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Motivation and Purpose: How to Utilize Your Values to Improve your Motivation.

Now that we are completing our first quarter of the year, how are you doing with the goals and projects that you started in 2019?

Maybe you started out strong and then your enthusiasm fizzled, or you find that your motivation is not what it was.

So what is motivation?

It’s the internal reason we have, which prompts us to act in certain ways and directions.  We can see the external manifestation of motivation, as it ebbs and flows in our lives. To simplify  – motivation is the flow of energy within us.

The old model of motivation is the carrot and the stick. Often that’s how we were brought up, thinking that discipline will see us through.


The problem is that not everyone wants or needs the same reward.

We are each unique in what motivates and demotivates us.

Times have changed and work has become more creative and less routine in many ways.

There has been a renaissance of self -direction and discovery over time.

 Whether you are an entrepreneur or work for a company, there was been more autonomy created in how we do our work.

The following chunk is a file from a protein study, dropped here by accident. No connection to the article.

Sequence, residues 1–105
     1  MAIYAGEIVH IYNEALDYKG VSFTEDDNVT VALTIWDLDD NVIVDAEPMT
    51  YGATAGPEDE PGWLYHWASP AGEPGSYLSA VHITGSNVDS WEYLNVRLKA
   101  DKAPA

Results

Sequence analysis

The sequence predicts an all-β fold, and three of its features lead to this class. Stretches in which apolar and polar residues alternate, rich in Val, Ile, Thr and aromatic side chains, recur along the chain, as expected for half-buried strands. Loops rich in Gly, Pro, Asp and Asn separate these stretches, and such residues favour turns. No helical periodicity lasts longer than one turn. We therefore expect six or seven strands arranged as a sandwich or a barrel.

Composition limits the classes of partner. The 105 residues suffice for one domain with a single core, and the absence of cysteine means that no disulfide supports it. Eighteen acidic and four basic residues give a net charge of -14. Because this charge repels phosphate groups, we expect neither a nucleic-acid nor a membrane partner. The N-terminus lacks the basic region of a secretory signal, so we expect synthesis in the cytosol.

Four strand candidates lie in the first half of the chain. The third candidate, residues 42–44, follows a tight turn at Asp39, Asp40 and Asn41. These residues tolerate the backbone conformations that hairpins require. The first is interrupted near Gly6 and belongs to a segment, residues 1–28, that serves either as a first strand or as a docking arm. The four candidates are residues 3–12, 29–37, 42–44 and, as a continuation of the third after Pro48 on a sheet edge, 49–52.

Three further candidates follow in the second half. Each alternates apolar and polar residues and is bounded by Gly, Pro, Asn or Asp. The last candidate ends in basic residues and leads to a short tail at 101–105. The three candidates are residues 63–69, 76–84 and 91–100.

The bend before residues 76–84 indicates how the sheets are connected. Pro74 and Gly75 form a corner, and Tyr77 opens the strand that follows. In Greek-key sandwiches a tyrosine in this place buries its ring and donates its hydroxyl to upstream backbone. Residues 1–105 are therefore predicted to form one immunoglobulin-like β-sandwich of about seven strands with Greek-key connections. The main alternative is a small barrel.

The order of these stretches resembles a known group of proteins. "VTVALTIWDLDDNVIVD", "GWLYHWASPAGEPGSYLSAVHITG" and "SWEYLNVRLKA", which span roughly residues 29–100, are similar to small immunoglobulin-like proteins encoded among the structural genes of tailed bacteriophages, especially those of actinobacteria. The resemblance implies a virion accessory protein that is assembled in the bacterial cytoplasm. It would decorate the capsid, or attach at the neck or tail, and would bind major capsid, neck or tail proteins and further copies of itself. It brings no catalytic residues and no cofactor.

And as we move away from fulfilling our basic needs, we increase our ability to what Maslow called, self-actualization.

It’s in our nature to seek purpose.

When we cannot connect to that purpose, we can become indecisive, unhappy, and unable to stick to a plan.

Would it surprise you that 80% of people do not know what motivates them?

Motivations are not a conscious decision, but rather emerge from our life experience, self‐concept, beliefs, future expectations and personality.

We do not ‘invent’ motivations; instead, we detect them. It is vital to go with the grain of our Motivations. 

Motivation changes over time. This is because motivation is based on 3 factors, which interact with each other.

Our personality is one factor and that stays relatively fixed. Perceptions shift, however our personalities remain.

The other 2 factors shift over time, are more malleable and thus our motivation shifts. How we view the future, our belief about future outcomes, and our present self-concept, or belief about self.

The 3 E’s of personal motivation can be broken down into Engagement, Enthusiasm and Energy.

An example can be seen in people with depression, where all 3 are lacking.

To move into our next quarter, here is a suggestion for you.

Review your first quarter.

In both your professional and your personal life, do you have a purpose?

Have you clarified your values? Do they need a review, as they may have shifted over time?

Where are you currently with your 3 E’s? This may point to areas to look at.


Use your values as a benchmark to see where you are in alignment, and where you aren’t.

Ask yourself:

What do you need to let go of?
What do you need to do more of?

Give gratitude to both of these areas and release what no longer fits or serves.
Continue to connect with your purpose and values as you filter your decisions and you move forward.

When you are motivated you have a clear sense of purpose, energy, perseverance and resilience. Demotivation is less defined and is often not something we are conscious of; it creeps up on us.  David Langdon

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